The next phase of my research was secondary sources. This is how I planned to make my topic personal. These sources interpret historical information using primary resources. When you ask yourself, ‘What is this author trying to accomplish?’, you find that the sole purpose is to create an awareness of the problem so people can not only do their part to make changes personally, but also be aware of local and global issues. From the earliest documents that I have found, there have been just as many ideas on how to conquer this problem. Unfortunately, ‘we cannot make pollution disappear. We can only push it around.’ ’The durability of pollution is so great that it is now measured in geologic time: the Anthropocene.’ Historian and professor, Jorge Otero-Palos, has a unique perspective. He says ‘We must dare to understand pollution differently: not as the outside of culture, but rather as itself an enduring cultural object worthy of preservation; not as a non-material, but rather as a specific material; not as an ahistorical dust, but rather as microscopic matter that is a new measure of time and therefore an invitation and a key to rethinking historiography. We are, in sum, at a moment when preservation must open up to a new form of knowledge that has yet to coalesce; it cannot be learned, it must be produced. We need a new experimental preservation conceptually willing and technically able to move into realms of uncertainty (Page, M., & Miller, M. R. (2016). ‘

The history of water pollution relates step by step to the current predicament we now find ourselves in. At each point in history, we see development, both socially and technologically. However, with each new development, we see a new pollutant. For decades, it has been a vicious cycle; development, which in turn creates a new pollutant, the realization of the problem, and finally legal mandates. Unfortunately, by the time we get to the end of the cycle, the damage is done.  The difference in the current situation, as opposed to the history of pollution is both the scale of pollution and the pollutants themselves. While we may not see marine life being killed by waste from lumber mills, we are still seeing them killed with new inventions, such as plastic six-pack rings. As Jorge Otero-Palos said, we cannot make pollution disappear. We need to find new way of thinking about this issue. Instead of waiting until a new crisis evolves, we need to find a way to keep it from happening in the first place.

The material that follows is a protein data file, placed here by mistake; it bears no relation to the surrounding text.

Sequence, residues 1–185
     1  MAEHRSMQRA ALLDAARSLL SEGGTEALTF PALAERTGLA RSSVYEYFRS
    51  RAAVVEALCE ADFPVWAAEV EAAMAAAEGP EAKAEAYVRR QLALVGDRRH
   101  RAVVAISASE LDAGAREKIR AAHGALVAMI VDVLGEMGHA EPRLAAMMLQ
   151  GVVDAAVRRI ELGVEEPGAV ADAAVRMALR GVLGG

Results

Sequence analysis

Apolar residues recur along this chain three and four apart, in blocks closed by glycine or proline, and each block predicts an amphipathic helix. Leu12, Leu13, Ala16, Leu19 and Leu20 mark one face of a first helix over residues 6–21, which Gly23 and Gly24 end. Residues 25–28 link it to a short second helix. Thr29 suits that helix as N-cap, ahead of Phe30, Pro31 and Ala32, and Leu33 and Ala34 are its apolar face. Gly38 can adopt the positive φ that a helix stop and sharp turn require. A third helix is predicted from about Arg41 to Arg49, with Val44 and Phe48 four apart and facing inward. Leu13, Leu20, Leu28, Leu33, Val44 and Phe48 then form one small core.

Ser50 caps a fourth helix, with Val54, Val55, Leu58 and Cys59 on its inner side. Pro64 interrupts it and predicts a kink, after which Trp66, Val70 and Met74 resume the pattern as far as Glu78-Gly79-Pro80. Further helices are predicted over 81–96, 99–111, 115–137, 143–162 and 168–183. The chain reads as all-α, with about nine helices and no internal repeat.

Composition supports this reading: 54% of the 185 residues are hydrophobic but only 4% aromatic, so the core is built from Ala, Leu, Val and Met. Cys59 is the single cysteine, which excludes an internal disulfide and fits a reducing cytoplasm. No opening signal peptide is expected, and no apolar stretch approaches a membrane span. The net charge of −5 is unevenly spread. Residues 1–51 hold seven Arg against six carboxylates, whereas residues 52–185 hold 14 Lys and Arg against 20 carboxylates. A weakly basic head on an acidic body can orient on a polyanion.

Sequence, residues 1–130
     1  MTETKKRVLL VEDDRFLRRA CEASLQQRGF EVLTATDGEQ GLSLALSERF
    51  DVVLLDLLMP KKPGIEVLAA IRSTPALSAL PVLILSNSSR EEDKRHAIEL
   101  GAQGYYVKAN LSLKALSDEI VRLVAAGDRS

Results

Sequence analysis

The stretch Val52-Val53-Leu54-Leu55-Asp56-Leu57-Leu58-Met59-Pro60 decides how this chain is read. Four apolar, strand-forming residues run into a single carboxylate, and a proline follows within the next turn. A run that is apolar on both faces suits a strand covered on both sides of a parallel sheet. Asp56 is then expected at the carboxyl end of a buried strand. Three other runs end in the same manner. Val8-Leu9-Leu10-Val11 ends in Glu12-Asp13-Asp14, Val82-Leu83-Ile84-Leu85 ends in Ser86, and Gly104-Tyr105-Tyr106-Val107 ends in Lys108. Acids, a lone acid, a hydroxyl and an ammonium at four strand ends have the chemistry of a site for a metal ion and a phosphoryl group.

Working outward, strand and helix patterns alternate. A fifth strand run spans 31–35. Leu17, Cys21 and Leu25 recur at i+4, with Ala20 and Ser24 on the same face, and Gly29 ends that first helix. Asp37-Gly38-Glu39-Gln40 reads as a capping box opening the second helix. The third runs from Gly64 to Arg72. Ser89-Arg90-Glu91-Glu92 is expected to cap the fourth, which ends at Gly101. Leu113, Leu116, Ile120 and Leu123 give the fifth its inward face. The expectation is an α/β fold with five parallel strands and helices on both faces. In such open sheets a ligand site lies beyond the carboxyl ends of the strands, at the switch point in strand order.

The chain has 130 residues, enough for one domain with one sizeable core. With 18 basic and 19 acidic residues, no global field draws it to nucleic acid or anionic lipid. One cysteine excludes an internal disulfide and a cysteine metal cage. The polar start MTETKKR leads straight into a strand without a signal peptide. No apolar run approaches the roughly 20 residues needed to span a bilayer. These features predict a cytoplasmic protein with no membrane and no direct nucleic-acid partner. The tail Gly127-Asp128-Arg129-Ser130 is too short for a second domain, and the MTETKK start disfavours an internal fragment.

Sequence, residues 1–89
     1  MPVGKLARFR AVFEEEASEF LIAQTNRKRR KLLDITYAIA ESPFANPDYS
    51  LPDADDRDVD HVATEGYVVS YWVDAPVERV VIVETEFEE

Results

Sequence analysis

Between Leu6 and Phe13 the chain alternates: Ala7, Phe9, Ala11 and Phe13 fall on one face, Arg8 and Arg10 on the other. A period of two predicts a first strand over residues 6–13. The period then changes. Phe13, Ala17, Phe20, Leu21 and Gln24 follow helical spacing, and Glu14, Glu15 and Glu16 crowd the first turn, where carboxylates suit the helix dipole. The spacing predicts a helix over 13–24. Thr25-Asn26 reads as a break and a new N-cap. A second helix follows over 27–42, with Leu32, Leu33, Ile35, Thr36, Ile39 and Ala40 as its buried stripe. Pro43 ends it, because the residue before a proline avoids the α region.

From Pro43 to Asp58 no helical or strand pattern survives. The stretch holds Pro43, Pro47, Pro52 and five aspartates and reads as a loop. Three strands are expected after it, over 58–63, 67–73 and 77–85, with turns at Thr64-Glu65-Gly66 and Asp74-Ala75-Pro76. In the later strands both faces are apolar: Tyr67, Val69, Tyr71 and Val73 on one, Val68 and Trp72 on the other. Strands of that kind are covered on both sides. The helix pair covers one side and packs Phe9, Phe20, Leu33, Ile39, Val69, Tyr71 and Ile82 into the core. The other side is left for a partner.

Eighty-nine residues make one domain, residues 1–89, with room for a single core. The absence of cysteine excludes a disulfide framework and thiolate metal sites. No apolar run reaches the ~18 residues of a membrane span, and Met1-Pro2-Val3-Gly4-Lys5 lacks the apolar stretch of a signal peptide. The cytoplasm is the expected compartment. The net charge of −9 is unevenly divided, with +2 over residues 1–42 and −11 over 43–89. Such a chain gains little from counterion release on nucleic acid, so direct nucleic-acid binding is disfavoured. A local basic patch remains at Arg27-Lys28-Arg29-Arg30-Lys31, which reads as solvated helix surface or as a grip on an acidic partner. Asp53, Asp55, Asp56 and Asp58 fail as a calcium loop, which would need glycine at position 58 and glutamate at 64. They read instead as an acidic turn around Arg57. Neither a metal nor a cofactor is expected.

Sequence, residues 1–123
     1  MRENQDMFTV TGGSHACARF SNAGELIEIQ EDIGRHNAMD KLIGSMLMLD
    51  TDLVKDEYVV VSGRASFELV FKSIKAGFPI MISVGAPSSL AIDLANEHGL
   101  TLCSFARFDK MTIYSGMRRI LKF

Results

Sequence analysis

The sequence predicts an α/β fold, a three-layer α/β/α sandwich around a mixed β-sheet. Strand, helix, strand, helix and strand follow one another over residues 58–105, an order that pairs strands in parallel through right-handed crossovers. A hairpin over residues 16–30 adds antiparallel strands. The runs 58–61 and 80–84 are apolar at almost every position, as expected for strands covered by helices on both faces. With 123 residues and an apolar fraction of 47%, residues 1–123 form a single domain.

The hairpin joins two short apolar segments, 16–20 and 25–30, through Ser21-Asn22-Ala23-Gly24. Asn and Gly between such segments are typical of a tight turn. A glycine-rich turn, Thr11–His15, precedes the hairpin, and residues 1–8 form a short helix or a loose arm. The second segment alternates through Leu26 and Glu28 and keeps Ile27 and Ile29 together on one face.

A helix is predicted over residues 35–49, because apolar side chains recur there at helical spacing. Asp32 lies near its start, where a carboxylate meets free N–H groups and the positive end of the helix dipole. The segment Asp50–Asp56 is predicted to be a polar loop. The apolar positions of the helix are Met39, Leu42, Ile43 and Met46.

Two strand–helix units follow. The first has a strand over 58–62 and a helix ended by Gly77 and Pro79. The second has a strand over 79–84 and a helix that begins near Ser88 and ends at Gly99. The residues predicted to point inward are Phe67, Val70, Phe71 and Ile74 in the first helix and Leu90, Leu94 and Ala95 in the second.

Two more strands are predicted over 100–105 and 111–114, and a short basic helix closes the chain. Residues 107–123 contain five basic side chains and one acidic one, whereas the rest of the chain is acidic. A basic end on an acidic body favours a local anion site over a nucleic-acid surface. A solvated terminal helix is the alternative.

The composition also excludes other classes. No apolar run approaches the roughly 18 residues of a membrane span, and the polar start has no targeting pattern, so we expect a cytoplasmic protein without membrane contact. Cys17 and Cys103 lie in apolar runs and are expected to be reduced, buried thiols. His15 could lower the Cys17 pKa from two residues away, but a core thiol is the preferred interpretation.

Historical context and inquiry can inform current and future discussions of this topic. We can look at these documents and see exactly what went wrong from start to finish. As the problem with pollution has been consistent throughout history, perhaps we can use this information to create new guidelines and processes for the future. We can no longer claim ignorance in this matter. However, if we use the past to guide us, we can create a future that is more sustainable and healthier for future generations.

References:

Nathanson, J. A. (2018, December 21). Pollution. Retrieved May 2, 2019, from https://www.britannica.com/science/pollution-environment

U.S. Senate, Committee on Public Health and National Quarantine. (1898). Pollution of rivers, etc. [S. 2905 from 1st sess.]. Washington: Publisher not identified.

Haward, M. (2018, February 14). Plastic pollution of the world’s seas and oceans as a contemporary challenge in ocean governance. Retrieved April 25, 2019, from https://www.nature.com/articles/s41467-018-03104-3

Editors, H. (2009, November 06). Water and Air Pollution. Retrieved May 2, 2019, from https://www.history.com/topics/natural-disasters-and-environment/water-and-air-pollution

Chapter 1. (1973). Report of the United Nations Conference on the Human Environment. UN Library, July 1995, UN/SA Collection.

Page, M., & Miller, M. R. (2016). Bending the future: Fifty ideas for the next fifty years of historic preservation in the United States. Amherst: University of Massachusetts Press. doi: https://about.jstor.org/terms